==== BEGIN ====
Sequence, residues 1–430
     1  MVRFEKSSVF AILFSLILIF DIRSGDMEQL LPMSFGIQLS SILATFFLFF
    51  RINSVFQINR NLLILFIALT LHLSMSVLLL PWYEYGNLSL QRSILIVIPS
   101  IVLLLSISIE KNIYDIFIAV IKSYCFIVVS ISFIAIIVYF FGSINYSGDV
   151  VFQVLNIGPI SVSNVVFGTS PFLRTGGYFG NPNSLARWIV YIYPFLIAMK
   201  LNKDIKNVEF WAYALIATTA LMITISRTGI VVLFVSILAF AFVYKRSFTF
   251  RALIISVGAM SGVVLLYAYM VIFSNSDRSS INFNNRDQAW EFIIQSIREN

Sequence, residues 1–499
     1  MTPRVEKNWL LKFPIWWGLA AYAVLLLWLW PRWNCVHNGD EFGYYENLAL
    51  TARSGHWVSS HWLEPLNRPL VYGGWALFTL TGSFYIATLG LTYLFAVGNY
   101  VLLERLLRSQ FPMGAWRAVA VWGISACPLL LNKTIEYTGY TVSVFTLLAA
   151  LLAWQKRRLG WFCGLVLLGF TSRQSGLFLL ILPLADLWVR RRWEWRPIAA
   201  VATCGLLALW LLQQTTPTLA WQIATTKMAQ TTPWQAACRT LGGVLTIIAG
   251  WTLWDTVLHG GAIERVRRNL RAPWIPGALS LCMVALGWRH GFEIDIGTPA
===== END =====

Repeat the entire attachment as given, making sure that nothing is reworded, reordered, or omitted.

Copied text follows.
Sequence, residues 1–430
     1  MVRFEKSSVF AILFSLILIF DIRSGDMEQL LPMSFGIQLS SILATFFLFF
    51  RINSVFQINR NLLILFIALT LHLSMSVLLL PWYEYGNLSL QRSILIVIPS
   101  IVLLLSISIE KNIYDIFIAV IKSYCFIVVS ISFIAIIVYF FGSINYSGDV
   151  VFQVLNIGPI SVSNVVFGTS PFLRTGGYFG NPNSLARWIV YIYPFLIAMK
   201  LNKDIKNVEF WAYALIATTA LMITISRTGI VVLFVSILAF AFVYKRSFTF
   251  RALIISVGAM SGVVLLYAYM VIFSNSDRSS INFNNRDQAW EFIIQSIREN

Sequence, residues 1–499
     1  MTPRVEKNWL LKFPIWWGLA AYAVLLLWLW PRWNCVHNGD EFGYYENLAL
    51  TARSGHWVSS HWLEPLNRPL VYGGWALFTL TGSFYIATLG LTYLFAVGNY
   101  VLLERLLRSQ FPMGAWRAVA VWGISACPLL LNKTIEYTGY TVSVFTLLAA
   151  LLAWQKRRLG WFCGLVLLGF TSRQSGLFLL ILPLADLWVR RRWEWRPIAA
   201  VATCGLLALW LLQQTTPTLA WQIATTKMAQ TTPWQAACRT LGGVLTIIAG
   251  WTLWDTVLHG GAIERVRRNL RAPWIPGALS LCMVALGWRH GFEIDIGTPA